Frank Hurley, Tennis court panorama, Yallourn, Victoria, December 1947, negative. Image courtesy of the National Library of Australia: 1640983.
Tennis has been popular with people of all ages in Australia since the beginning of the nineteenth century, both for fun and as an elite sport.
With a climate suited to outdoor activities many Australians are keen tennis players, making year-round use of public tennis courts, private clubs and backyard courts to refine and practice their game.
Tennis is taught to children from an early age, in schools and at private clubs and clinics. Many Australian children spend school holidays at tennis camps where professional coaches encourage and develop their skills.
In Australia the sport was originally called 'lawn tennis' and the courts were surfaced with grass. Through the 1900s, sand, clay and concrete surfaces became more common, and in the twenty-first century synthetic grass and other synthetic products such as rebound ace are the most popular. These surfaces are easier to maintain and are longer wearing.
The first recorded tennis tournament played in Australia was held in January 1880 on the courts of the Melbourne Cricket Club.
The Australasian Lawn Tennis Association (ALTA) was Australia's first national tennis body. It was formed in September 1904 and at that time was responsible for both Australia and New Zealand. The ALTA was formed with three main functions:
- to organise the Davis Cup
- to control interstate matches; and
- to run annual Australasian Tennis Championships.
With the establishment of the ALTA came the Davis Cup and the Australian Open.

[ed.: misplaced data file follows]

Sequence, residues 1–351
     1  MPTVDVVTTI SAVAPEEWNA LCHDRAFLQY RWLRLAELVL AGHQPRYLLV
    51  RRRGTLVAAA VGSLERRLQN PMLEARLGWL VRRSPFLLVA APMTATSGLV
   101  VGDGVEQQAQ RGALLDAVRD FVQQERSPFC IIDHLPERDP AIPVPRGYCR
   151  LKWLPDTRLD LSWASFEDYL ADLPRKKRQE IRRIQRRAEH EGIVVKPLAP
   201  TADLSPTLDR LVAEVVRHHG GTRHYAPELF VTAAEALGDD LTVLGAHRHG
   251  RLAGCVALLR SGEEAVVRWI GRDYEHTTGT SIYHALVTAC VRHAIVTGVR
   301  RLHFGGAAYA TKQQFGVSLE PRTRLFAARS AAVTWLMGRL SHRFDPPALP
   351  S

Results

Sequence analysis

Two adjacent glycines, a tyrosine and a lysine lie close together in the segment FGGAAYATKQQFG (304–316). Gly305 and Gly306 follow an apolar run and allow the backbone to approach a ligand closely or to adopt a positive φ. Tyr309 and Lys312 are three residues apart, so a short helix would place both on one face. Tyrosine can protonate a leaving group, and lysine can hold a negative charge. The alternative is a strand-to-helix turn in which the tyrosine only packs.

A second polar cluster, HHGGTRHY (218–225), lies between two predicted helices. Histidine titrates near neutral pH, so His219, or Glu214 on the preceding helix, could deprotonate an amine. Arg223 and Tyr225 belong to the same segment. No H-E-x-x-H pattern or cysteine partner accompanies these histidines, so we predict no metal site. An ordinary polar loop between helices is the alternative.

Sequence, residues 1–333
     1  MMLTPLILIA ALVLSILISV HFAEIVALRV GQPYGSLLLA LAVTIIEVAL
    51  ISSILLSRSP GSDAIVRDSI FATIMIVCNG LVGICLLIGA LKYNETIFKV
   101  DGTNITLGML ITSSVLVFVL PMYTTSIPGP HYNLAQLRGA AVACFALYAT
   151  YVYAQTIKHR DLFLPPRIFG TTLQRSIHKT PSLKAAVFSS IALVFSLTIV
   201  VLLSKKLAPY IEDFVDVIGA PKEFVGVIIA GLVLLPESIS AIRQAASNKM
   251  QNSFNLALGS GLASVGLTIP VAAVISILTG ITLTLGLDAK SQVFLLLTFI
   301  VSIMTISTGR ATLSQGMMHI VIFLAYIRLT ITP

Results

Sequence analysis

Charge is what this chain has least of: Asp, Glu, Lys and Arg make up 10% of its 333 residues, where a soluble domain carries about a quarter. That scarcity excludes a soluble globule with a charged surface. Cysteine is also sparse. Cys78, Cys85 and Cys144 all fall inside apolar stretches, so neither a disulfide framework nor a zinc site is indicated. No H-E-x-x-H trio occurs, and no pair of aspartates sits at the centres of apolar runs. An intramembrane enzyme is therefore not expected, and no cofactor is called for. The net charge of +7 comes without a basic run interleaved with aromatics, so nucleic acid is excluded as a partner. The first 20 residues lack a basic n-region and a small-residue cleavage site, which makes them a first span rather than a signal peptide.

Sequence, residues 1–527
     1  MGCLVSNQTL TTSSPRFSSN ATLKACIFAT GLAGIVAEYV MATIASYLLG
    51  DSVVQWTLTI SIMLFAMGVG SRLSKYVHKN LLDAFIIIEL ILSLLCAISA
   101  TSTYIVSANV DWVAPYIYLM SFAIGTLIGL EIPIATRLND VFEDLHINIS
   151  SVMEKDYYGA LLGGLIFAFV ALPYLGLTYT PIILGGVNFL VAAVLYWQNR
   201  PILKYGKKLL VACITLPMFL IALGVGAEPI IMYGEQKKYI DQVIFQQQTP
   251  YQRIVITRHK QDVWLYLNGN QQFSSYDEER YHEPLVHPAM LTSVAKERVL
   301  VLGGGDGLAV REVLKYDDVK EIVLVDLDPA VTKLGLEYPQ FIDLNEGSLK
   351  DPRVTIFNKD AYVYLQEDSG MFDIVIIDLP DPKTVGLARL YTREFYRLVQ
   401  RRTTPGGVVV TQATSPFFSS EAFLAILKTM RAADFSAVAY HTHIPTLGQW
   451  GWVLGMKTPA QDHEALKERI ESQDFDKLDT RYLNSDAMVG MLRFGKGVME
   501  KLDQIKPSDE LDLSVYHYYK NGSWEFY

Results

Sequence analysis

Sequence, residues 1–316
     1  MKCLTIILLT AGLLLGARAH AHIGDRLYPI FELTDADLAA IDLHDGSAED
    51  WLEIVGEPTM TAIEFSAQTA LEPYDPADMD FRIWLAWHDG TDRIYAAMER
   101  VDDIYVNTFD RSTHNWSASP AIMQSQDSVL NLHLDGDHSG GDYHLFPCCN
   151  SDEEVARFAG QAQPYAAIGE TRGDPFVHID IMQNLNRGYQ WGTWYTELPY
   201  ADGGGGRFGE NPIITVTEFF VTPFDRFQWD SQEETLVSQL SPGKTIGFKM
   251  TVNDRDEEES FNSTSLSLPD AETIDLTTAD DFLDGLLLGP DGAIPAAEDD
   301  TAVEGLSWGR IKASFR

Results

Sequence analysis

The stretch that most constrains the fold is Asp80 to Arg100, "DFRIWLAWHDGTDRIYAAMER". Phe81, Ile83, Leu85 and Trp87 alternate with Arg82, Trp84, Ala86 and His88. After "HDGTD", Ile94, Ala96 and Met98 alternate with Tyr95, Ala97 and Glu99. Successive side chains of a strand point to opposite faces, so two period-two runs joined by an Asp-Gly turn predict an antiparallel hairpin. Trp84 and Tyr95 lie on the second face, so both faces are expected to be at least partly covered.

Australia has a long and successful tradition of Davis Cup competition, with the first Australasian Davis Cup crown won in 1907. Between 1907 and 2003 Australia won 28 Davis Cup titles, most recently defeating Spain in the 2003 final in Melbourne.
While the men's international team competition is known as the Davis Cup, the women's equivalent is called the Federation Cup. Australia has won the Federation Cup seven times, the last time being in 1974.
Television and live coverage gave tennis a boost as a spectator sport. Viewers can now follow the men's professional tour - the ATP Tour - and the women's professional tour - the WTA Tour - as the season unfolds around the world.
Unknown, Evonne Goolagong (Australia) bends to reach a ball during the final singles against Miss Virginia Wade (Britain), 1970, photograph: B&W. Image courtesy of the National Library of Australia: 3050374.
In Australia tennis champions are household names and their successes are celebrated by the nation. In January 2003 Lleyton Hewitt, the then number one player in the world, was named the Young Australian of the Year, while Pat Rafter (2002) and Evonne Goolagong Cawley (1971) are past winners of the Australian of the Year award.
In the twenty-first century tennis in Australia is administered by Tennis Australia, which runs several programs and initiatives to encourage the development of tennis in all segments of the community, including people with disabilities.
Beginning in the twentieth century, many Australian men and women tennis players have risen to the pinnacle of their sport. Australian professionals have consistently stood out at the four Grand Slam tennis events held each year: the Australian Open, French Open, US Open and Wimbledon.
The ultimate in the career of a tennis professional is to win 'The Grand Slam' which is all four Grand Slam events in a calendar year. To date both the men's and women's singles Grand Slam titles have only been achieved three times